Chemical Aspects Concerning the Friction and Abrasion of Rubber

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Abstract

The frictional force (<i>f</i><sub>F</sub>) is proportional to the normal force; for rubber it is corrected by a factor involving the pressure and elasticity due to a change of the contact surface. During friction induced by a slider, <i>f</i><sub>F</sub> fluctuates, which is conventionally explained by a stick-slip mechanics. However, the effect of the temperature and velocity on <i>f</i><sub>F</sub> as well as the frequencies of vibration and pattern abrasion producing worn products of various size, are not studied using mechanical model. <br>On the contrary, the author discusses here the chemical mechanism of stick-peeling based on a model involving pseudo crosslinks of multi-sizes. The frictional force (<i>f</i><sub>F</sub>) is taken to be equal to the peeling force (<i>f</i><sub>P</sub>), For adhesives, <i>f</i><sub>P</sub> is proportional to the adhesion force (<i>f</i><sub>A</sub>) affected by such rheological factors as the peeling velocity (<i>v</i>), the thickness (<i>h</i>), and the relaxation time (<i>τ</i>); <i>f</i><sub>P</sub> = <i>f</i><sub>A</sub>(<i>τvh</i>)<sup>0.5</sup>. Here, <i>f</i><sub>A</sub> is proportional to the fraction of the pseudo link (<i>ν</i>) and the wetting energy (<i>W</i>) divided by the peeling distance, which is almost equal to the bond length (<i>l</i>) and <i>f</i><sub>A</sub> is expressed as <i>f</i><sub>A</sub> = (<i>ν</i>/<i>N</i>)<sup>2/3</sup>(<i>W</i>/<i>l</i>). <i>ν</i> is the number of links formed on the surface of the rubber, and is varied with the sizes of the links 4 (link A) and 16 (link B) and their relaxation times of 10<sup>−3.4</sup> s (<i>τ</i><sub>A</sub>) and 10<sup>−1</sup> s (<i>τ</i><sub>B</sub>). <br>Also, for the frictional force (<i>f</i><sub>F</sub>) the same equation is obtained when <i>v</i> and <i>h</i> are taken to be the velocity of the slider and the thickness of the rubber layer deformed by the slider, respectively. Friction produces two kinds of vibrations by the dissociation of links A and B; their frequencies are given by the reciprocal of <i>τ</i><sub>A</sub> and <i>τ</i><sub>B</sub>, respectively. <br>Abrasion is caused by the scission of rubber chains connected with links A and B in the peeling process. The former abrasion yields powdery wear products by crazing, whereas in the latter the scission of chemical bonds of the energy (<i>D</i>) develops to give crest-shape tearing i.e. so-called pattern abrasion. The sizes of wear products are proportional to the relaxation distances corresponding to <i>τ</i><sub>A</sub> and <i>τ</i><sub>B</sub>. The resistance to abrasion of rubber is expressed by a ratio of the force at a break (<i>f</i><sub>B</sub>) to <i>f</i><sub>F</sub>, <i>f</i><sub>B</sub>/<i>f</i><sub>F</sub> = (<i>ν</i>/<i>N</i>)<sup>1/3</sup>(<i>D</i>/<i>Wl</i><sup>2</sup>)(<i>vτh</i>)<sup>−0.5</sup>. Carbon black improves the abrasion resistance due to its reinforcing ability, and the resistance is enhanced by increasing the content, specific surface area and adhesion ability of carbon black. Their optimum values were also estimated theoretically.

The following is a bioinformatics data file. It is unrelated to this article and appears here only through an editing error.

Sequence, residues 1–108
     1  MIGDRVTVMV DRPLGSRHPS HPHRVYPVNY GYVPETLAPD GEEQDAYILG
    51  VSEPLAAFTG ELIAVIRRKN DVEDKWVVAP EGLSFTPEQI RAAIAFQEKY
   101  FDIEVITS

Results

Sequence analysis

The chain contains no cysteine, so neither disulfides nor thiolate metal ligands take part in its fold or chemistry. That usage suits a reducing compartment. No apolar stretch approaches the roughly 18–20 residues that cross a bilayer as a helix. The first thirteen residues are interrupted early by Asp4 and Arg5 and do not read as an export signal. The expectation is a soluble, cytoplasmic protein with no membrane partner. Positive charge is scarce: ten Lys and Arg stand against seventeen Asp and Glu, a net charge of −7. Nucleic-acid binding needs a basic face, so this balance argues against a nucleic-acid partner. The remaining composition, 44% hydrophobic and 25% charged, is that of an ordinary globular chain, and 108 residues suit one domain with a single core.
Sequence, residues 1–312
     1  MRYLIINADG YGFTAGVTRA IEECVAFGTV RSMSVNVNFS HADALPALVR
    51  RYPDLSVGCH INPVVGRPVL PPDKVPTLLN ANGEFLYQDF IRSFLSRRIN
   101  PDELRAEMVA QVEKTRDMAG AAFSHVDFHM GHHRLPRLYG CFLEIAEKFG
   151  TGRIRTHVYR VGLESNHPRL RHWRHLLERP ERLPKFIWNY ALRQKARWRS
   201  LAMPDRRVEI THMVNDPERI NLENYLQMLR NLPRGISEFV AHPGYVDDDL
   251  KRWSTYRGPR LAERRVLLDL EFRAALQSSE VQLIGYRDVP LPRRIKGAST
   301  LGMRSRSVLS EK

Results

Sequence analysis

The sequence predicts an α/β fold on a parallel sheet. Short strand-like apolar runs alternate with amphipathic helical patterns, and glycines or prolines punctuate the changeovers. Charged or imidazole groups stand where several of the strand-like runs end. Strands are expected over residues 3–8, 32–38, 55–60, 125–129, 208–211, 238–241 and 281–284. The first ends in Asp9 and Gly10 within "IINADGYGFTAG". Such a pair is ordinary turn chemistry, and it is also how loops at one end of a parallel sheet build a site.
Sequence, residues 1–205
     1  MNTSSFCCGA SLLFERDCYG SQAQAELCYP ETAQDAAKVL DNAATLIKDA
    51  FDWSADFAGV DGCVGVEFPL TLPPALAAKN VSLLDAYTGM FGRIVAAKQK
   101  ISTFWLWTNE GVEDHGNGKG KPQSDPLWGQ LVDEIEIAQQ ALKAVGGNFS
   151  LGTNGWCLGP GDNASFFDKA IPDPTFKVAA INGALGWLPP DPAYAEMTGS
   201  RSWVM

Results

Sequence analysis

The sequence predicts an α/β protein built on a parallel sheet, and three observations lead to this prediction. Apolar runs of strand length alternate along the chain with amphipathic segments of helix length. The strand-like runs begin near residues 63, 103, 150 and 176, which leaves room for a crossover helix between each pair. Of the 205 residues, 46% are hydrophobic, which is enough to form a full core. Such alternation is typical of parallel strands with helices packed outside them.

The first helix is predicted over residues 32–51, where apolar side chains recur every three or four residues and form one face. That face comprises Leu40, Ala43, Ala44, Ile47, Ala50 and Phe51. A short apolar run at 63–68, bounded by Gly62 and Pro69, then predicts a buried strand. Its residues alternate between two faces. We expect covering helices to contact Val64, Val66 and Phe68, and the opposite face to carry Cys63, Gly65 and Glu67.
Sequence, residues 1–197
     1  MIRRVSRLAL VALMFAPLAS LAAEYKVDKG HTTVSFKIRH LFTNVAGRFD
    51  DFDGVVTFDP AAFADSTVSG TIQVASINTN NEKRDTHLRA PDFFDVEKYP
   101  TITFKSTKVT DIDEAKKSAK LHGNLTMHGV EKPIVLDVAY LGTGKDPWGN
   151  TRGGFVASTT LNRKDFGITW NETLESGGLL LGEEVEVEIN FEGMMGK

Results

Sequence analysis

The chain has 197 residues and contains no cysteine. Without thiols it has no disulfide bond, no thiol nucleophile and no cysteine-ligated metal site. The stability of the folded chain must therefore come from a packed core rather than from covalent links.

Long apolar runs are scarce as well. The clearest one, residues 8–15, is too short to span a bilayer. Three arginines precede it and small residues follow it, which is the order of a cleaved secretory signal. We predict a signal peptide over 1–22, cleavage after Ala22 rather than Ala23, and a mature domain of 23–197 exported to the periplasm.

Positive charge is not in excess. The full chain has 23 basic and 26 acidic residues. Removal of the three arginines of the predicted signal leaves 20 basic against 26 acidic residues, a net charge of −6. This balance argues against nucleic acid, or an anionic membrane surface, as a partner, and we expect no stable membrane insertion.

Journal

  • Bulletin of the Chemical Society of Japan

    Bulletin of the Chemical Society of Japan 69(10), 2999-3006, 1996-10-15

    The Chemical Society of Japan

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Codes

  • NII Article ID (NAID)
    10008910180
  • NII NACSIS-CAT ID (NCID)
    AA00580132
  • Text Lang
    ENG
  • Article Type
    ART
  • ISSN
    00092673
  • NDL Article ID
    4098837
  • NDL Source Classification
    ZP1(科学技術--化学・化学工業)
  • NDL Call No.
    Z53-B35
  • Data Source
    CJP  NDL  J-STAGE 
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